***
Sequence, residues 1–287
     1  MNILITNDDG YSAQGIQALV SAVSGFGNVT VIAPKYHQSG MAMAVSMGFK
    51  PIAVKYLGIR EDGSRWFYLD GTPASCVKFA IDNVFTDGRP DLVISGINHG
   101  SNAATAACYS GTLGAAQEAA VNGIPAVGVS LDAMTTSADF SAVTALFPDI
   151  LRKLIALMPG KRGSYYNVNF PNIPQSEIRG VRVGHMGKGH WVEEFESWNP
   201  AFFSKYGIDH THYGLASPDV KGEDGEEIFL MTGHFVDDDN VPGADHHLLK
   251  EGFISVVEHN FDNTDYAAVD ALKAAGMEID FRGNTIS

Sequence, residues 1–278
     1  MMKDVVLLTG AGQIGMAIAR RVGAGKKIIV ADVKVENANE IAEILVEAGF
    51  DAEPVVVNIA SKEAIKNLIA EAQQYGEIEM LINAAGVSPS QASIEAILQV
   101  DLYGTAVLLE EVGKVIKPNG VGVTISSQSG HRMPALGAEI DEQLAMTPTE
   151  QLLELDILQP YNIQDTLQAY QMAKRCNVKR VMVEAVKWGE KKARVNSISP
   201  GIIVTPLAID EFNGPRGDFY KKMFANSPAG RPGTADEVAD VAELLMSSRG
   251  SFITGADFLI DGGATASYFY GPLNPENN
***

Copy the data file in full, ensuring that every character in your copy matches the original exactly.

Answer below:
Sequence, residues 1–287
     1  MNILITNDDG YSAQGIQALV SAVSGFGNVT VIAPKYHQSG MAMAVSMGFK
    51  PIAVKYLGIR EDGSRWFYLD GTPASCVKFA IDNVFTDGRP DLVISGINHG
   101  SNAATAACYS GTLGAAQEAA VNGIPAVGVS LDAMTTSADF SAVTALFPDI
   151  LRKLIALMPG KRGSYYNVNF PNIPQSEIRG VRVGHMGKGH WVEEFESWNP
   201  AFFSKYGIDH THYGLASPDV KGEDGEEIFL MTGHFVDDDN VPGADHHLLK
   251  EGFISVVEHN FDNTDYAAVD ALKAAGMEID FRGNTIS

Sequence, residues 1–278
     1  MMKDVVLLTG AGQIGMAIAR RVGAGKKIIV ADVKVENANE IAEILVEAGF
    51  DAEPVVVNIA SKEAIKNLIA EAQQYGEIEM LINAAGVSPS QASIEAILQV
   101  DLYGTAVLLE EVGKVIKPNG VGVTISSQSG HRMPALGAEI DEQLAMTPTE
   151  QLLELDILQP YNIQDTLQAY QMAKRCNVKR VMVEAVKWGE KKARVNSISP
   201  GIIVTPLAID EFNGPRGDFY KKMFANSPAG RPGTADEVAD VAELLMSSRG
   251  SFITGADFLI DGGATASYFY GPLNPENN